Constraint-based grammars can be used, in principle, both for parsing and generation. This is also true for grammars defined in (). However, to use such grammars in a practically interesting way, the grammars need to be restricted in some way, as the parsing and generation problem of () grammars is undecidable. Historically, the restriction has been (in order for parsing to be efficient), that phrases are built by concatenation. No restriction for generation was assumed, as generation played a minor role. But, generation on the basis of declarative grammars is not without problems. For example, the simple top-down, left-to-right backtrack search strategy leads to non-termination for linguistically motivated grammars. Chapter 3 discusses several (linguistically relevant) problems for some obvious generation techniques. Furthermore, that chapter provides motivation for a different processing strategy, in which generation proceeds essentially bottom-up, and head-driven. A simple version of this strategy is defined, and its properties and short-comings are investigated. Several variants and possible improvements are discussed. Relying on the notion `head' has some implications for the way in which semantic structures should be combined in the grammar. Essentially, the semantic-head-driven generation algorithm embodies the assumption that semantic structures are defined in a lexical and head-driven fashion. It turns out that the head-driven generation strategy faces problems with analyses in which this assumption is violated. As an important example, the semantic-head-driven generation strategy faces problems, if the head of a construction has been `displaced'. Such an analysis is often assumed for verb-second phenomena in for example German and Dutch, if the grammars are restricted to be concatenative. Thus, the assumption that semantic structures are built lexically and head-driven, does not make linguistic sense, if phrases are to be built by concatenation. In order for these assumptions to make linguistic sense, it is therefore necessary to have more freedom in the way phonological structures are combined. Thus, instead of concatenative grammars, non-concatenative grammars are called for.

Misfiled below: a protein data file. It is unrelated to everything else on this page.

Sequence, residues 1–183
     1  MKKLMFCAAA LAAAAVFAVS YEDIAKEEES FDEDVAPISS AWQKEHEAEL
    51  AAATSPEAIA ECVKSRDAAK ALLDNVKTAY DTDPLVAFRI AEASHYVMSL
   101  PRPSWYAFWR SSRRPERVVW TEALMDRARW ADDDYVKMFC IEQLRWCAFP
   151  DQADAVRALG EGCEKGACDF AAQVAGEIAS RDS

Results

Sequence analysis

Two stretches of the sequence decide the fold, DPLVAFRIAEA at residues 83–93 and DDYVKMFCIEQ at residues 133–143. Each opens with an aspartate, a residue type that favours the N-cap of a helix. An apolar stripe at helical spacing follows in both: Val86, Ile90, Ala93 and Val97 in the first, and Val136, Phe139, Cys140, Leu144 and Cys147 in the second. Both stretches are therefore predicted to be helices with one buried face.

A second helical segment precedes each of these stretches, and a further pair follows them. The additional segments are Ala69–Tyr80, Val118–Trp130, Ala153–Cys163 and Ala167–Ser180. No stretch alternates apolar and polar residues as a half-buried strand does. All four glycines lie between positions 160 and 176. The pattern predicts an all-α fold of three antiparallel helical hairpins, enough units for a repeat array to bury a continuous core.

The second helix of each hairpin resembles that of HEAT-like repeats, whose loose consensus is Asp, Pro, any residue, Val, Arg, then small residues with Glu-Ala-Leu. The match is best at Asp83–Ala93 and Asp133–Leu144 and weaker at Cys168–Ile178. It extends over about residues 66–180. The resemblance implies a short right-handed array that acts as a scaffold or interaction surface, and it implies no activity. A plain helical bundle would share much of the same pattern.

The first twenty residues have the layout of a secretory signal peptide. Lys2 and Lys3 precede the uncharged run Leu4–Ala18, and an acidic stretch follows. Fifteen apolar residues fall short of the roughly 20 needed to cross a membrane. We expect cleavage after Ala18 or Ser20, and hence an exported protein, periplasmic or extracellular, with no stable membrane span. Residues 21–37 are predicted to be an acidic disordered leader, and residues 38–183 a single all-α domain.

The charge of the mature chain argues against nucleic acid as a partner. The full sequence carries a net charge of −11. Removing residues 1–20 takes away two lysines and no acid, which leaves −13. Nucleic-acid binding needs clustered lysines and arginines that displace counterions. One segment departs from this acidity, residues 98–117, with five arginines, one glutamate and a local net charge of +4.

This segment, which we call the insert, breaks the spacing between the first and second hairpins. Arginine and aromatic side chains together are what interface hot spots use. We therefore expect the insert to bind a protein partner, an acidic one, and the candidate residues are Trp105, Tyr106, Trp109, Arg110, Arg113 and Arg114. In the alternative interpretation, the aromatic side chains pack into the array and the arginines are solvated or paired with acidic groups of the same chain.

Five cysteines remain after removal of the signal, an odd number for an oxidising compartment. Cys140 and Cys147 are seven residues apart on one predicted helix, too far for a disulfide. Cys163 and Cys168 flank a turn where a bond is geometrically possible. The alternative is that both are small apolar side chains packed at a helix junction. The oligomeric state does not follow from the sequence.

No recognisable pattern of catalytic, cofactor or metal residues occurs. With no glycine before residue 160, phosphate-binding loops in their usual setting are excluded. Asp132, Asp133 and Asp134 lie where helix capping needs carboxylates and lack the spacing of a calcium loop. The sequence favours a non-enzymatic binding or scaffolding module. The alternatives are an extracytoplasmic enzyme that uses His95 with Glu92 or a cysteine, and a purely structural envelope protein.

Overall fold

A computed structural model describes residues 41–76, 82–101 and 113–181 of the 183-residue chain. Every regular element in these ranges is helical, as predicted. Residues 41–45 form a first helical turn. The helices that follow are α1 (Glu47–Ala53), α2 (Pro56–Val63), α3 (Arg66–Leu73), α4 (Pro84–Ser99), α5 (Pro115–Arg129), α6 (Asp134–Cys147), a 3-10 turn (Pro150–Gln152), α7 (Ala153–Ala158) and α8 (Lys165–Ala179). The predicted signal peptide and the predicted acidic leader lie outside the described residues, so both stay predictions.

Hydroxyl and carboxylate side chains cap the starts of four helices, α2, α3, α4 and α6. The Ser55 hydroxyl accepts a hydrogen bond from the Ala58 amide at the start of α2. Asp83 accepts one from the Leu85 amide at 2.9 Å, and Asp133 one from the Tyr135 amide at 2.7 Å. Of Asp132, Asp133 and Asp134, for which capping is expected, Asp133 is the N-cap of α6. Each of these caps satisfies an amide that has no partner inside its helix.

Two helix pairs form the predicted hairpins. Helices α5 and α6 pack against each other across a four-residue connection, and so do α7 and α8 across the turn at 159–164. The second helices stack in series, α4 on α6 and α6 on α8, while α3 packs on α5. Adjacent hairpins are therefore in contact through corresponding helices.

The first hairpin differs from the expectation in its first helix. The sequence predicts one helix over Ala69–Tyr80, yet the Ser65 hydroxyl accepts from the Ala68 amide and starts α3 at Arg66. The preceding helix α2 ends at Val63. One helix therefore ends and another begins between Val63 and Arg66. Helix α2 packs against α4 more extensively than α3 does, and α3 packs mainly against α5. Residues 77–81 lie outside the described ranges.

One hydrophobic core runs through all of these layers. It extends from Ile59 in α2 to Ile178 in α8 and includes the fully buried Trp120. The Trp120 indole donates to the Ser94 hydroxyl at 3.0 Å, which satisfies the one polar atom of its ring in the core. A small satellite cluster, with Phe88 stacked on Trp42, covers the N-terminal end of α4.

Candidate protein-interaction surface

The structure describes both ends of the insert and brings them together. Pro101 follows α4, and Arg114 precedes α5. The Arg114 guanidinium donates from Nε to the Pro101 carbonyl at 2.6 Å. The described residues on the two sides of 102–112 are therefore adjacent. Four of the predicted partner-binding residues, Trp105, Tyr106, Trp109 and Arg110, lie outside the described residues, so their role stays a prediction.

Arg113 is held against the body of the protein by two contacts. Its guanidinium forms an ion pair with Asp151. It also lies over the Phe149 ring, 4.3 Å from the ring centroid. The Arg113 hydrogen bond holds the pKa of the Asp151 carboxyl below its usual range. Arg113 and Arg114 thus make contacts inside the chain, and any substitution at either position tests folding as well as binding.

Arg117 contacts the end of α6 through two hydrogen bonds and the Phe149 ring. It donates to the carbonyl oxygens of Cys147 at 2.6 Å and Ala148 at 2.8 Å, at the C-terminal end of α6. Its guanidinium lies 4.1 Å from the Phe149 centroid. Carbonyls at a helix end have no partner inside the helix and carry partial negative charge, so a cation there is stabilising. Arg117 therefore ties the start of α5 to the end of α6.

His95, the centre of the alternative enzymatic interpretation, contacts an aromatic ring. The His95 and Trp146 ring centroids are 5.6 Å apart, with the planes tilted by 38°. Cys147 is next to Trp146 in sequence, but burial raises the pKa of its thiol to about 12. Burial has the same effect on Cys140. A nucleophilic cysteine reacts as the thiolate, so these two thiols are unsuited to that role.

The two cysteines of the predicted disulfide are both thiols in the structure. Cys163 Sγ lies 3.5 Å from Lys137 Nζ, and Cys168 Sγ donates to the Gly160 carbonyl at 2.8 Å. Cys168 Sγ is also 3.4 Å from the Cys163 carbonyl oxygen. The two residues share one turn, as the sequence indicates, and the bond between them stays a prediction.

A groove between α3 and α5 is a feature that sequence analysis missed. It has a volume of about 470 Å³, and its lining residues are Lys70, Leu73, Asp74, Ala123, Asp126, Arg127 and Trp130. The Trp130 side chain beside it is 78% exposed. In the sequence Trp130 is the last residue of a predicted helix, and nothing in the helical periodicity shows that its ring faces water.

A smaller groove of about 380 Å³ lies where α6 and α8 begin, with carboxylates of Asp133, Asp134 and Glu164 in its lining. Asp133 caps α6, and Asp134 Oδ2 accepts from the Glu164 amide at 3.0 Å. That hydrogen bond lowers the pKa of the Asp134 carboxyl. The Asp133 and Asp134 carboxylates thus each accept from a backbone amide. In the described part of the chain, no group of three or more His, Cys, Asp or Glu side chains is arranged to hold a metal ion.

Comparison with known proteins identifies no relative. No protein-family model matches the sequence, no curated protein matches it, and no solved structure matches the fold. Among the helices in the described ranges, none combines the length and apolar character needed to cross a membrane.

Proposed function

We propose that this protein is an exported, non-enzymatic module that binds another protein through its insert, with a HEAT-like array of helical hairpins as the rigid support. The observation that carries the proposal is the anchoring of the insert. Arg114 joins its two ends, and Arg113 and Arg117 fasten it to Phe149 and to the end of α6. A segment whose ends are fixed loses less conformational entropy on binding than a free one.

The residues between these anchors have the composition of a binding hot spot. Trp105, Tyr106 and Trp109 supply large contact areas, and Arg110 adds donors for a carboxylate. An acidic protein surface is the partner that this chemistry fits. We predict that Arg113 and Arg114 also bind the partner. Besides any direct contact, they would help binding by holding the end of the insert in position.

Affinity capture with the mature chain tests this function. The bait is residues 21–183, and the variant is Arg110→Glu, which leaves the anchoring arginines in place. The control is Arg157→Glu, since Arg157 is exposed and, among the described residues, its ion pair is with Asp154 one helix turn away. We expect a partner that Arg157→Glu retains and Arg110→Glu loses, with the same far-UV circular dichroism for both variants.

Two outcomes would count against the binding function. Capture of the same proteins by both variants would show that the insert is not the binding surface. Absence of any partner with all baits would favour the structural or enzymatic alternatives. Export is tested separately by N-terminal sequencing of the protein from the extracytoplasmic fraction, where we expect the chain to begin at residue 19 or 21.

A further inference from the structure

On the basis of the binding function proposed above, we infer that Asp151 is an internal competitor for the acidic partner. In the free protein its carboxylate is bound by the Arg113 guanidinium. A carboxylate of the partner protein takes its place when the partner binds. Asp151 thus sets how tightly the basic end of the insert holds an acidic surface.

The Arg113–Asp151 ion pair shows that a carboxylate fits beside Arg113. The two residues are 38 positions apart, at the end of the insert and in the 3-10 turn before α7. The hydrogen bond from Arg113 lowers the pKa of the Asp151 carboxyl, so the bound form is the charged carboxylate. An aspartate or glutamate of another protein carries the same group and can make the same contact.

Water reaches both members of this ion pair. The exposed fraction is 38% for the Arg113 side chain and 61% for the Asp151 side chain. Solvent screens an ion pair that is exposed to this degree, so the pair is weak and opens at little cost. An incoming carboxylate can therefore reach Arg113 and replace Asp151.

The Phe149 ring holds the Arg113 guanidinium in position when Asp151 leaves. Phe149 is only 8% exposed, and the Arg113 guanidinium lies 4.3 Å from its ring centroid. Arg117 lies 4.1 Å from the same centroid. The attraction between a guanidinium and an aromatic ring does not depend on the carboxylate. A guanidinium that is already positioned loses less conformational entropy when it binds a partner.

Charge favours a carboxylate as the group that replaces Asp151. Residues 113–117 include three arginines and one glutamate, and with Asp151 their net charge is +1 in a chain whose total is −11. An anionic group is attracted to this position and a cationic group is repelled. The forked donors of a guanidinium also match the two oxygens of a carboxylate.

In chapter 4 linguistic motivation for such non-concatenative operations on phonological representations is discussed. A number of proposals for operations like `head-wrapping' and `sequence-union' are described, and a class of formalisms is introduced in which operations on strings are allowed which are linear and non-erasing. Formalisms such as Head-Grammars  and Tree Adjoining Grammars , are members of this class. Clearly, parsing algorithms developed for concatenative formalisms cannot be used for these more powerful formalisms. An important question thus is how to parse with non-concatenative grammars. I describe a very general algorithm for this class of grammars which proceeds, again, head-driven. The motivation for such a processing strategy is discussed. Furthermore, I describe possible extensions and improvements of the basic algorithm. I also show how the parser can be `specialized' for lexicalized, and constraint-based, versions of Tree Adjoining Grammars.
In order for grammars to be effectively used for both parsing and
generation, such grammars need to adhere to the assumptions that, on
the one hand, semantic structures are built in a lexical and
head-driven fashion, and on the other hand, that phonological
structures are built in a linear and non-erasing way.